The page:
Setting the threshold for following up a variant affects not only false negatives, but also false positives, requiring consideration of the tradeoffs between sensitivity, specificity, resources for initial sequencing, and efforts for following up putative variants. The effect of coverage on base call quality is substantial, but complicated to quantify analytically. In order to estimate the number of variants to be followed up, we make the worst case assumption that base call quality filters will be ineffective at this low coverage, and follow-up decisions will be made only based on number of reads observing a variant. We considered the 224 single nucleotide candidate variants observed at four or more reads in our 28× data before any quality filtering. We simulated resampling of 8×, by a random variable per candidate Xi ~ Binomial(ni ,p) with ni being he number of reads covering candidate i and p=8×/28× = 0.28. We computed the expectation of the overall number of candidates for which Xi4. The expected number of single nucleotide variants thus computed is ~111. Extrapolating from the ratio of indels to single nucleotide variants in the current data, we expect 150−200 variants to be detected in such an experiment (including non-coding variants which may be of no importance; see main text).

References:

1. S. Sarin, M. O'Meara M, E. B. Flowers et al., Genetics 176 (4), 2109 (2007).

2. S. Chang, R. J. Johnston, Jr., and O. Hobert, Genes Dev 17 (17), 2123 (2003).

3. The-C.elegans-Sequencing-Consortium, Science 282 (5396), 2012 (1998).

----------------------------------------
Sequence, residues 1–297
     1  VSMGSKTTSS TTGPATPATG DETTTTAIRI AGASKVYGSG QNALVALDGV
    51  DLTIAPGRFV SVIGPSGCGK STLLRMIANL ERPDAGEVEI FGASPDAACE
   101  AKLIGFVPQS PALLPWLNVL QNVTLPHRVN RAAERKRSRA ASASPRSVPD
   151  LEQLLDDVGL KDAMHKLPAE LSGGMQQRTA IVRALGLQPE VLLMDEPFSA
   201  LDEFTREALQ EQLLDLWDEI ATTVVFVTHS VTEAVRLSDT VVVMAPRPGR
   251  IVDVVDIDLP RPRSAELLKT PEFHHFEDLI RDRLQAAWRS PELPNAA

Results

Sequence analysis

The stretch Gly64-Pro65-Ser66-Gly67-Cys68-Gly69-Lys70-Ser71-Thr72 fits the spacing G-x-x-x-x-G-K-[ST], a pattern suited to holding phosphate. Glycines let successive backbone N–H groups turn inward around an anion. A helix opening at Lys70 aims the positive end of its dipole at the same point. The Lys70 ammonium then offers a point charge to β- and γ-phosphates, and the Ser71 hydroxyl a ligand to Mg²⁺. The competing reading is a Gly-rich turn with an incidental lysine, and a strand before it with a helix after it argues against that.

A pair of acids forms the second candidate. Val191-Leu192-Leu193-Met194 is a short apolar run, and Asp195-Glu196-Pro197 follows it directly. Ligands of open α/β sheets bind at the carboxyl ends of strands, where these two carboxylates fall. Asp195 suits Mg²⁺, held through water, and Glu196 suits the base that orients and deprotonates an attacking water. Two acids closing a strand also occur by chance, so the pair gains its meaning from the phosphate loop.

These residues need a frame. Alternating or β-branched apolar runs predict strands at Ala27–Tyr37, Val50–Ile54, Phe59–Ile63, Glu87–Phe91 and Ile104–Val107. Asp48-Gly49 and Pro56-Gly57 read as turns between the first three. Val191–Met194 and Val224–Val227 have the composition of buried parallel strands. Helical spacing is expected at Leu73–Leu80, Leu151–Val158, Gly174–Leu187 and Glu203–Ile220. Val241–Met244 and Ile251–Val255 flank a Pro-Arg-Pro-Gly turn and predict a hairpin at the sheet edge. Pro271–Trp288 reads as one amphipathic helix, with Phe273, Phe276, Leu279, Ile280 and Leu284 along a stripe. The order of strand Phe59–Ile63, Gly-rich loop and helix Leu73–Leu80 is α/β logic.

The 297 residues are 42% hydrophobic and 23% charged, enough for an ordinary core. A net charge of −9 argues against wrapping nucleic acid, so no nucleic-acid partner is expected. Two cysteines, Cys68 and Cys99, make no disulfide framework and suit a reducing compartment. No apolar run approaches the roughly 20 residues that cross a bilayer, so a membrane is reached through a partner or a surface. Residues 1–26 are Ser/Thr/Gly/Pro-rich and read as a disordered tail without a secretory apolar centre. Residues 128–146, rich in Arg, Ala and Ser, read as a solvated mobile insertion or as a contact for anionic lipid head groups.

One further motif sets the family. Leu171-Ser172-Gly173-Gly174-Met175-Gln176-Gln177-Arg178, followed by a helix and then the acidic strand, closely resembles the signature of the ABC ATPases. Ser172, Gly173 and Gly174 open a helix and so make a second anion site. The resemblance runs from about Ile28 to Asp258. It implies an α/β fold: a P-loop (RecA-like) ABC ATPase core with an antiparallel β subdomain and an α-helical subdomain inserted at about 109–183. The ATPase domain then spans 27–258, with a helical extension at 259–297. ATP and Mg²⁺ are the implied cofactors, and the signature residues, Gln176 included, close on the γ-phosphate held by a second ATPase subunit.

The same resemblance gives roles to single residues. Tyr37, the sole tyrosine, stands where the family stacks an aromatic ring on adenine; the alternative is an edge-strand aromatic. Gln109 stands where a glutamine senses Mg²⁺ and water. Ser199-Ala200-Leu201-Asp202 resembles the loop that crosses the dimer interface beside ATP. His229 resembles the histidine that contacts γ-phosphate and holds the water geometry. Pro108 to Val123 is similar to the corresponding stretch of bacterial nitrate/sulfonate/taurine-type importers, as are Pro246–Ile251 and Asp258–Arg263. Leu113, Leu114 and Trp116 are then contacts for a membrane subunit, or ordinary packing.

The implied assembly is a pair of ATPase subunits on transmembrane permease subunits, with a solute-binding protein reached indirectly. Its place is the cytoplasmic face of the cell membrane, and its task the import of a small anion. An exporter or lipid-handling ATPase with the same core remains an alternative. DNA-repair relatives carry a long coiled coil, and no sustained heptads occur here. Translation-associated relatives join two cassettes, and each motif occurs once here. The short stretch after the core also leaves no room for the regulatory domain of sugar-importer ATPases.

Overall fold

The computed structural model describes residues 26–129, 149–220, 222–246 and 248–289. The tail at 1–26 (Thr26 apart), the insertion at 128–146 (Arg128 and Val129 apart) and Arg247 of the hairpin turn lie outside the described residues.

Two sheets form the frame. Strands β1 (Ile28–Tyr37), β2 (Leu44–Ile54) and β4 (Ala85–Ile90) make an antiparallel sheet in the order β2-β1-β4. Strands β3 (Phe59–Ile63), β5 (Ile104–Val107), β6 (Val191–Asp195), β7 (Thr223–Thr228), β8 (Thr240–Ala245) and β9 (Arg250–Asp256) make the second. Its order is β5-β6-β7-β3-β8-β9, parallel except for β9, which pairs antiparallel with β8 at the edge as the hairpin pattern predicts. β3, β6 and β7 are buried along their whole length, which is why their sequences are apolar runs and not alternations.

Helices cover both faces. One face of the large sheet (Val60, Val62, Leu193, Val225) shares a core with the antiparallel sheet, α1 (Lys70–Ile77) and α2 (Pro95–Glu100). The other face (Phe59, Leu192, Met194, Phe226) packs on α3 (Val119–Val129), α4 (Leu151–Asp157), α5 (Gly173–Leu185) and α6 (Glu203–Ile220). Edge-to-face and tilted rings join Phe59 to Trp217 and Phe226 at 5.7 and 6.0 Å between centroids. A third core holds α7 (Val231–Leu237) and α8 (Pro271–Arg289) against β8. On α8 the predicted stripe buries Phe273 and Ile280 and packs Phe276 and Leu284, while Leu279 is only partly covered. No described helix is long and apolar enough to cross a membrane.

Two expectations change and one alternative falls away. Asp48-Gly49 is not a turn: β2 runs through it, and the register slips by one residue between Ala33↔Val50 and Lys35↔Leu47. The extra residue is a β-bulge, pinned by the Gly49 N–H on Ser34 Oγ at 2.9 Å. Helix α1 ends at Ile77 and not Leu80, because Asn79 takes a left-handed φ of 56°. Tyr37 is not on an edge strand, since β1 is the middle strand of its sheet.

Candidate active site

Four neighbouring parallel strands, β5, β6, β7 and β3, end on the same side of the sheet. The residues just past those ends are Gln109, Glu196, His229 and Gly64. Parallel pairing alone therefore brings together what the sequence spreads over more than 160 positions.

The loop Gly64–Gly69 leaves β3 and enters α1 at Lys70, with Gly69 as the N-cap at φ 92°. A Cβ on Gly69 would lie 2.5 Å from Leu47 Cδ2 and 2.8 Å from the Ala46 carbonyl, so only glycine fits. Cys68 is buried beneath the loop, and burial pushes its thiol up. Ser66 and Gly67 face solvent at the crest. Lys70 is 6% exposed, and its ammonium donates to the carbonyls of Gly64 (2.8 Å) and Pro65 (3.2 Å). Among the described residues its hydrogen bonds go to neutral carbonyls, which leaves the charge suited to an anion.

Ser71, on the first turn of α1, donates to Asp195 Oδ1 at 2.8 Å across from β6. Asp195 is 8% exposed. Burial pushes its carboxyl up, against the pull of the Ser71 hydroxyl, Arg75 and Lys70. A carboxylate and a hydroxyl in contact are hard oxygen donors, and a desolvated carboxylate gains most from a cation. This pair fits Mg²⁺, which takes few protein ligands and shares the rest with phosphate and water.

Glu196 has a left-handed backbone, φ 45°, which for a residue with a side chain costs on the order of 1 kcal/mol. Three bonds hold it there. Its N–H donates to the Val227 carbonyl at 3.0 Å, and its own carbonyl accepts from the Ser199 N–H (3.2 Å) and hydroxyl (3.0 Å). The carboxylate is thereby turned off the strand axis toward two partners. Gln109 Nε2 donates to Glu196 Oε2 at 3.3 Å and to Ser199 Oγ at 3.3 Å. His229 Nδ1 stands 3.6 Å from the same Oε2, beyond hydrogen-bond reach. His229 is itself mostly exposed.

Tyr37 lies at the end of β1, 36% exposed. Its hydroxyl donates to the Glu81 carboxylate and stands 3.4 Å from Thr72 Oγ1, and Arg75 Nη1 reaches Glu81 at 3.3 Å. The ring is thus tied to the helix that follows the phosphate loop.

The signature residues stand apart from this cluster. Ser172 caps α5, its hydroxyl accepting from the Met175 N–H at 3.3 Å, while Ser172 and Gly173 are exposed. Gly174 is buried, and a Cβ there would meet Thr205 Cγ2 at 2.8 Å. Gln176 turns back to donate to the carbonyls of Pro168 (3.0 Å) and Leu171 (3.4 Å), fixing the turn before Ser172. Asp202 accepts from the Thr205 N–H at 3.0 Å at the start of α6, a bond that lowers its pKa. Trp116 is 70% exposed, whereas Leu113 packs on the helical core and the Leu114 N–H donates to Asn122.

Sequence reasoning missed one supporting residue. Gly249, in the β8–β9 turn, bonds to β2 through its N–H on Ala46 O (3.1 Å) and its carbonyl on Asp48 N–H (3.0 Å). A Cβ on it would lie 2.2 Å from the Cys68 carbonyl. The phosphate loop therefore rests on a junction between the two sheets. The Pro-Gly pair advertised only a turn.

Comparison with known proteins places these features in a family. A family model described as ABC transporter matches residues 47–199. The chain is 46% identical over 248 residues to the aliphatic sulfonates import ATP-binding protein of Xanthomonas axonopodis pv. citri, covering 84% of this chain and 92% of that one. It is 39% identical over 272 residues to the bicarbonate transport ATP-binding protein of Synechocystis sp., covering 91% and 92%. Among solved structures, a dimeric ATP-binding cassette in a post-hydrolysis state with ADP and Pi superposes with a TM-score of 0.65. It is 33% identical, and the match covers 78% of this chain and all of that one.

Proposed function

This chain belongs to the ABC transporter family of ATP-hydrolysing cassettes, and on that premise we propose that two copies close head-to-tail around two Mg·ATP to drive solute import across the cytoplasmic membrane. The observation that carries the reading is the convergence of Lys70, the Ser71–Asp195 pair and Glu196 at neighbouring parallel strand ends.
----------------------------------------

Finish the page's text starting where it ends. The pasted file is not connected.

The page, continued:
4. http://maq.sourceforge.net/.

5. L. W. Hillier, G. T. Marth, A. R. Quinlan et al., Nat Methods 5 (2), 183 (2008).

ACKNOWLEDGMENTS

We thank C.T. Lawley (Illumina, Inc.) for generously producing the paired-end read data described in the manuscript, Q. Chen for performing microinjection, Hobert lab members for comments on the manuscript and the Caenorhabditis Genetics Center for providing the N2 strain. This work was funded by the Howard Hughes Medical Institute, the Muscular Dystrophy Association and the US National Institutes of Health (R01NS039996-05; R01NS050266-03 to O.H., F31 predoctoral grant NS054540-01 to S.S. and U54 CA121852-03 to I.P.).

Footnotes

Note: Supplementary information is available on the Nature Methods website.

References

1. Brenner S. Genetics. 1974;77:71–94. [PMC free article] [PubMed]
2. Sarin S, et al. Genetics. 2007;176:2109–2130. [PMC free article] [PubMed]
3. Davis MW, et al. BMC Genomics. 2005;6:118. [PMC free article] [PubMed]
4. Bentley DR. Curr. Opin. Genet. Dev. 2006;16:545–552. [PubMed]
5. Chang S, Johnston RJ, Jr., Hobert O. Genes Dev. 2003;17:2123–2137. [PMC free article] [PubMed]
6. Hillier LW, et al. Nat. Methods. 2008;5:183–188. [PubMed]
7. Lander ES, Waterman MS. Genomics. 1988;2:231–1239. [PubMed]